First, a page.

When Was the Last Time You Had to Call a Plumber?

It did not take a professional plumber to discover the problem your college aged daughter was experiencing in her new apartment. Billed as available housing for anyone, the suite style living space near a major college campus is obviously filled with mostly college aged residents. But when the opening of the completely furnished spaces was delayed by a little more than a month, the construction workers appeared to cut some noticeable corners. On the Sunday afternoon when your daughter was washing the first load of laundry in the apartment, it was fortunate that she stayed home. Within just a few minute of starting the cycle she thought that she heard dripping and ran to the machine to see what was going on. Noticing that water was running all over the floor she quickly shut off the water and called emergency maintenance number.

She was still using every towel that she had to soak up the leak when the maintenance worker arrived and discovered that the drainage house had never been attached. More than angry the worker reattached the house, helped clean up the mess, and spent the rest of the afternoon knocking on doors of tenants to check that their clothes washing machines had their drainage hoses in place.

Plumbers Offer a Number of Important Services for Both Renters and Home Owners

From water heater maintenance to sewer cleaning services to simple fixes like attaching a drain hose to a clothes washing machine, there are many times when a plumber can be a valuable resource. Knowing when to call a plumber, however, seems to be a knowledge that some people lack. From making the poor choice of trying to fix a problem yourself to ignoring a small problem when it first occurs, there are many times when property owners make mistakes. And while it may seem like one small leak will not cause too many problems, it is important to realize that many times the small leak that you are seeing is actually just the tip of the iceberg. Calling a plumber sooner rather than later is almost always the best decision. Consider some of these facts and figures about the many times when working with a professional plumber is an advantage:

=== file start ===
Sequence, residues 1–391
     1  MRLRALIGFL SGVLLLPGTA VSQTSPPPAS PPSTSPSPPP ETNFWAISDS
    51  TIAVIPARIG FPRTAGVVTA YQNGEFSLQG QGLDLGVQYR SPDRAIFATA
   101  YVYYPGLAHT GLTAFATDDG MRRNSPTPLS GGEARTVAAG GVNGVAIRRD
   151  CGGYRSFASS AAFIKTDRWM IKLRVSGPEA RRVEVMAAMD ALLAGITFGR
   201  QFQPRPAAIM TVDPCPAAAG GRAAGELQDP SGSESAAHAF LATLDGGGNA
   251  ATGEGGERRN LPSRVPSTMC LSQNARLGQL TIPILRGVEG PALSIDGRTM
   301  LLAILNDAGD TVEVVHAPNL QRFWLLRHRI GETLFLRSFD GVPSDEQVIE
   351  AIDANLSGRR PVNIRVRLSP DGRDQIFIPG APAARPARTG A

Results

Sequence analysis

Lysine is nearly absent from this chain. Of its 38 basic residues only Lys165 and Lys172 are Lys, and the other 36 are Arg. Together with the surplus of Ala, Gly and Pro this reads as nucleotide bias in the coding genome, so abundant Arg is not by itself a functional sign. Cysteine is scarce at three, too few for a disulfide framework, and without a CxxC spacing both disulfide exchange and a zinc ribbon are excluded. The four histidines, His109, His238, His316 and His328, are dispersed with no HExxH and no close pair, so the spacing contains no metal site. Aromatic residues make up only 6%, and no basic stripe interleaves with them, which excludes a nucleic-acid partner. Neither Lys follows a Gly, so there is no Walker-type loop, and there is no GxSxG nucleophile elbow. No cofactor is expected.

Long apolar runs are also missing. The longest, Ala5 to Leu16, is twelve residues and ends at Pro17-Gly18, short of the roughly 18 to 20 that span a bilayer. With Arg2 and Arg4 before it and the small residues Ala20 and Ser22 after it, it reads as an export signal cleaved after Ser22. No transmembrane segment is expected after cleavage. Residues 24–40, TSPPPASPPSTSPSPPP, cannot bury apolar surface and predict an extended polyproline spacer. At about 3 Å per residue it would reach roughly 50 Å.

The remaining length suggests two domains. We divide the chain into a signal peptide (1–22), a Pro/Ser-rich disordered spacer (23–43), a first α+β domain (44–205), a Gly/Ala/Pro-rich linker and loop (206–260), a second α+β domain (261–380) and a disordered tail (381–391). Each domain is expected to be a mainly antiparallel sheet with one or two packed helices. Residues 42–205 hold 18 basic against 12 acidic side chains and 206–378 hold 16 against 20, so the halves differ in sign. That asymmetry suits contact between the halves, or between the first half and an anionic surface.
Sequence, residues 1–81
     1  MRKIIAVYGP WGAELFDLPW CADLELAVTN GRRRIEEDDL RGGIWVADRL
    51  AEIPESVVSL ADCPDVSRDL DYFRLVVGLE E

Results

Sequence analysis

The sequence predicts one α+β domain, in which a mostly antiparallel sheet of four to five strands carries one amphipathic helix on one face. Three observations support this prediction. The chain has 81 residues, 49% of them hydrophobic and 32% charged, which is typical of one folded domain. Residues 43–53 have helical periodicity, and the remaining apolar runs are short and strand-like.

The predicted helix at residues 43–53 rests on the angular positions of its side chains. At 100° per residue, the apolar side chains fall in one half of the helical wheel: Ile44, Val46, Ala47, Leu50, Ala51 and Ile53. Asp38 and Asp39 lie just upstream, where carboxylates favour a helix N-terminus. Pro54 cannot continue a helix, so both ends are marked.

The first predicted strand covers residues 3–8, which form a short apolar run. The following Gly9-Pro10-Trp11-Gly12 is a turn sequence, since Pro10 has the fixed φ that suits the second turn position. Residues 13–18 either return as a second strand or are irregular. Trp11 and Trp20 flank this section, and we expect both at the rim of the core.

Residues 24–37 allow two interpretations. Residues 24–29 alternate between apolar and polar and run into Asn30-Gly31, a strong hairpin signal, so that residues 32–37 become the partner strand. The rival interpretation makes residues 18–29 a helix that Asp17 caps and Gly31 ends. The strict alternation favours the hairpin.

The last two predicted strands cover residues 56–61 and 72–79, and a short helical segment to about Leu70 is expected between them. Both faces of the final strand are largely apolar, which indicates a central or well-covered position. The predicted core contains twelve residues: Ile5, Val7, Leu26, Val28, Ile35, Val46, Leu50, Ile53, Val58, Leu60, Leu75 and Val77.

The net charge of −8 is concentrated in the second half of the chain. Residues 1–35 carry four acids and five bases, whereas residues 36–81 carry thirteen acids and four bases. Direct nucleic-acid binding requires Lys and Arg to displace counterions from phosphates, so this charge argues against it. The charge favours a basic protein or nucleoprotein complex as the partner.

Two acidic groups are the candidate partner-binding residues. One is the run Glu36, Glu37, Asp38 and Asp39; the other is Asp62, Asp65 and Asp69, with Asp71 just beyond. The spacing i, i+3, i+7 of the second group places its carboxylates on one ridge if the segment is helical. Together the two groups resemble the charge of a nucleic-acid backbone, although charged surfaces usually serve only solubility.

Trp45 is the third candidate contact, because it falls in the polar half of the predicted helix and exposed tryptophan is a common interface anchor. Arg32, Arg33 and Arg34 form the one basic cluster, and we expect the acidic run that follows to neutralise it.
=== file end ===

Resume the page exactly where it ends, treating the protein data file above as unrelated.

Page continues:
• Construction crews can miss important details wen it comes to plumbing to it is often important that you get the professional advice you need from a licensed plumber.
  • A trillion gallons of water, which is worth $6 billion, is wasted each year as the result of running toilets, leaking faucets, or other leaks, so it is important that you do your part to find a solution to the leaks that you have in your own home.
  • Leaks account for as much as 13.7% of water use, according to Plumbing Manufacturers International.
  • Living in a new space does not make you immune from some problems. In fact, America‚Äôs aging sewer systems spill an estimated 1.26 trillion gallons of untreated sewage every single year, a problem that can affect everyone in a community.
  • It is important to note that the average U.S. family already uses more than 300 gallons of water a day at home, so no one wants to be responsible for an unfixed leak.
  • No one wants to spend money on water that is literally just going down the drain, yet a leaky faucet that drips at the rate of one drip per second can waste more than 3,000 gallons every year. That is the same amount of water needed to take more than 180 showers.
  • Getting professional help is always important if you want to avoid future problems.

  • For the best maintenance, experts recommend draining and removing the sediment from a water heater at least once a year.
  • One call can solve a problem.
  • Research shows that professional plumbers can make quick work of many problems.

  • Help is on the way as soon as you call an emergency plumber.
  • Even one small shower head leaking at 10 drips a minute wastes more than 500 gallons a year. That is the same amount of water it takes to wash 60 loads of dishes in a dishwasher.
  • Letting a small problem become big is costly.
  • Plumbing systems in a home are composed of two separate subsystems: one brings freshwater in, and the other takes wastewater out.

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